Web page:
After a rough start, Ebby becomes a dominant pitcher and the Bulls do something they haven’t done much lately, win games. On the night his father comes to see him pitch, Ebby learns that he has been called up to the “show”.

Annie uses the occasion to break things off from Ebby. She tells him that he doesn’t need her anymore.

Ebby looks for Crash and finds him playing pool. When Crash finds out, he is jealous. Crash is frustrated by Ebby’s failure to recognize all the talent he was blessed with.

The next morning, Crash seeks Ebby out and apologizes for his behavior.

With Ebby gone, the Bulls no longer need Crash, so they release him. The manager offers to put in a good word for him with the organization but there’s nothing else he can do.

With Ebby out of the picture, Crash and Annie finally get together.

With nowhere else to go, Crash ends up on Annie’s porch swing. When she comes home from the ball game, the two consummate their attraction with a weekend-long lovemaking session.

Unexpectedly, Crash leaves to seek a further minor-league position with the Asheville Tourists. During his brief stint, he breaks the minor-league record for career home runs; a dubious honor.

Now in the big leagues, Ebby recites all the cliché answers Crash had taught him.

Having broken the record, Crash retires and returns to Durham, where Annie tells him she's ready to give up her annual affairs with "boys". Crash tells her that he is thinking about becoming a manager for a minor-league team in Visalia.

The film ends with Annie and Crash dancing in Annie's candle-lit living room, though it’s still not clear if they will stay together or if they’re just two ships docking in the same spot for a while.

As I’ve written previously, I am not a big fan of baseball, though I do like a good baseball story. Bull Durham is an interesting study in minor-league baseball. Though I doubt there are too many “Annies” out there like Susan Sarandon, I do imagine Crash’s and Ebby’s working relationship goes on all the time, with a savvy veteran being called in to help an inexperienced player learn the ropes.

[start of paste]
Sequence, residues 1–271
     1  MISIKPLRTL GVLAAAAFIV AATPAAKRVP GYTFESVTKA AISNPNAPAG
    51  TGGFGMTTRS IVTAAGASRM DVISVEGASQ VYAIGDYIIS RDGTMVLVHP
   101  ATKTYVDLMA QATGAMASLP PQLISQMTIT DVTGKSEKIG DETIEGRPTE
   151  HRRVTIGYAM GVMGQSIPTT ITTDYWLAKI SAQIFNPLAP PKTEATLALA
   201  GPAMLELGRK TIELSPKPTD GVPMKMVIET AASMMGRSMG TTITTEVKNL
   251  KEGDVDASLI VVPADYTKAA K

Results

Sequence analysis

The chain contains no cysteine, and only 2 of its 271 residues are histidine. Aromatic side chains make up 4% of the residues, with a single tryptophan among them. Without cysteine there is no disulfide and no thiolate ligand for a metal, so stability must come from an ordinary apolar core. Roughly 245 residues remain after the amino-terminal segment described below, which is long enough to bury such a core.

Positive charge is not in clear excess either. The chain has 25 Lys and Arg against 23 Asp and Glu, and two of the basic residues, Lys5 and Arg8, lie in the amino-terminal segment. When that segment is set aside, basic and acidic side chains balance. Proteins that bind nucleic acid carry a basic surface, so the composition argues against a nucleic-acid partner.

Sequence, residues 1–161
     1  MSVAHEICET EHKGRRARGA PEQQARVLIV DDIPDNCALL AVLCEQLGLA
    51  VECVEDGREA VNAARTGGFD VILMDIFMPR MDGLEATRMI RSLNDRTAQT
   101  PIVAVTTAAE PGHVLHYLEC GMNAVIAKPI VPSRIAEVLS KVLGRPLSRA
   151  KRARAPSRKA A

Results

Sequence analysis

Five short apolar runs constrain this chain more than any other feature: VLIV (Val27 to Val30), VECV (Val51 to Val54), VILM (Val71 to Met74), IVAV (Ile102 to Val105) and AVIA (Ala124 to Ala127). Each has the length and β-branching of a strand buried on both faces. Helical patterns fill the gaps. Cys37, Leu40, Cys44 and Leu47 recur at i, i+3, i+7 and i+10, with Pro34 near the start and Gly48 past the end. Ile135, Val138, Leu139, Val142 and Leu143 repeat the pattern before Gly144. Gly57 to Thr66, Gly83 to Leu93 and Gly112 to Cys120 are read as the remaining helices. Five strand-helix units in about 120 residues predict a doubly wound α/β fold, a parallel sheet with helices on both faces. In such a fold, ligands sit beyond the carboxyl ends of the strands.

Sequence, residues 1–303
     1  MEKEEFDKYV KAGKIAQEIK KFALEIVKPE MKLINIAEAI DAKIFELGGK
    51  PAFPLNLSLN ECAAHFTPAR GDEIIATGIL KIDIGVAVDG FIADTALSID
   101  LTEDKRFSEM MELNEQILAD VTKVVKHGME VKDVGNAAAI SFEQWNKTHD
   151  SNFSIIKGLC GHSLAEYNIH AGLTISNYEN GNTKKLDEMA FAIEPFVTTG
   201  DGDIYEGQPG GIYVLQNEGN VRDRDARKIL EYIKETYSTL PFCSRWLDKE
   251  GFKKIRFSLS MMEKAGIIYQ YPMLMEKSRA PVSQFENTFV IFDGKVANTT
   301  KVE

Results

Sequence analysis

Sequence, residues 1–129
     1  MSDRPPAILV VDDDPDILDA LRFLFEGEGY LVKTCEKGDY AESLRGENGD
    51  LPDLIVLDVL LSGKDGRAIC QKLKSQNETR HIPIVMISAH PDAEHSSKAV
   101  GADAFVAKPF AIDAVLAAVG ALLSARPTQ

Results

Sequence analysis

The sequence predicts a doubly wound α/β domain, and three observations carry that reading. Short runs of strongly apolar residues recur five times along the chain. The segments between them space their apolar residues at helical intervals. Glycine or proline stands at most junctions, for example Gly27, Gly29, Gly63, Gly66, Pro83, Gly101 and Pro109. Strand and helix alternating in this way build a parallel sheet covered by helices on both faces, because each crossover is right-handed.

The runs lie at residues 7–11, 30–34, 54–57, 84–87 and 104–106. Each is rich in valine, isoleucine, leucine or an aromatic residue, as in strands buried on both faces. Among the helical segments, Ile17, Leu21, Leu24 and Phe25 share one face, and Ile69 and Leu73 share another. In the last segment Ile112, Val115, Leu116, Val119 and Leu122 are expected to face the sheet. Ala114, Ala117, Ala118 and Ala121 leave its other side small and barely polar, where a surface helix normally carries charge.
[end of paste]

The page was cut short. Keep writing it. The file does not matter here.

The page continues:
Kevin Costner, who would go on to direct the Academy Award-winning Best Picture Dances with Wolves (1990), seems like a good fit for the role of Crash. He was about the right age and was athletic enough to carry the part. He would also star in two more baseball-related films, Field of Dreams (1989) and For Love of the Game (1999). While I haven’t seen For Love of the Game, based on this film and Field of Dreams, I would say he and baseball are a good match.

Susan Sarandon is an accomplished actress, getting her start in films like Joe (1970), but the first time I saw her on film was The Rocky Horror Picture Show (1975), a horror musical. She seems to be the right choice for Annie, who uses metaphysical theories and sex to mold young baseball players but also to make herself still feel pretty and desirable. She has since been in such films as Atlantic City (1980), Thelma & Louise (1991), Lorenzo's Oil (1992), The Client (1994), and Dead Man Walking (1995), for which she won the Academy Award for Best Actress.

Despite what appears to be celluloid chemistry between her character and Crash, Sarandon would end up with Tim Robbins, who played Ebby. Robbins does a good job here playing someone much younger than he was when he made the film. He’s quite believable as a man with a million-dollar arm and a child’s brain. A versatile actor, Robbins would go on to appear in such films as Twister (1989), Cadillac Man (1990), Jungle Fever (1991), The Player (1992), The Shawshank Redemption (1994), The Hudsucker Proxy (1994), High Fidelity (2000) and Mystic River (2003). He would also write and direct Bob Roberts (1992) and Dead Man Walking (1995), and Cradle Will Rock (1999).

Two of the character actors who shine in Bull Durham are Robert Wuhl
as assistant manager Larry Hockett and Trey Wilson as manager Joe "Skip" Riggins.

The film also gets a boost from some very good character actors led by Trey Wilson as manager Joe "Skip" Riggins and Robert Wuhl as his assistant manager Larry Hockett. The two of them make a nice comical pair. Jenny Robertson plays Millie, a younger version of Annie, who is known for making time with the ball players. She is tamed by David Neidorf as Bobby, a Bible-carrying ball player when she makes her play for him and instead falls for him.

Bull Durham is one of those films that has aged very well and continues to be enjoyable even 34 years after its release. Even, if like me, you find the game of baseball a little dull, stories about baseball can be enjoyable, especially when they’re as well made as Bull Durham.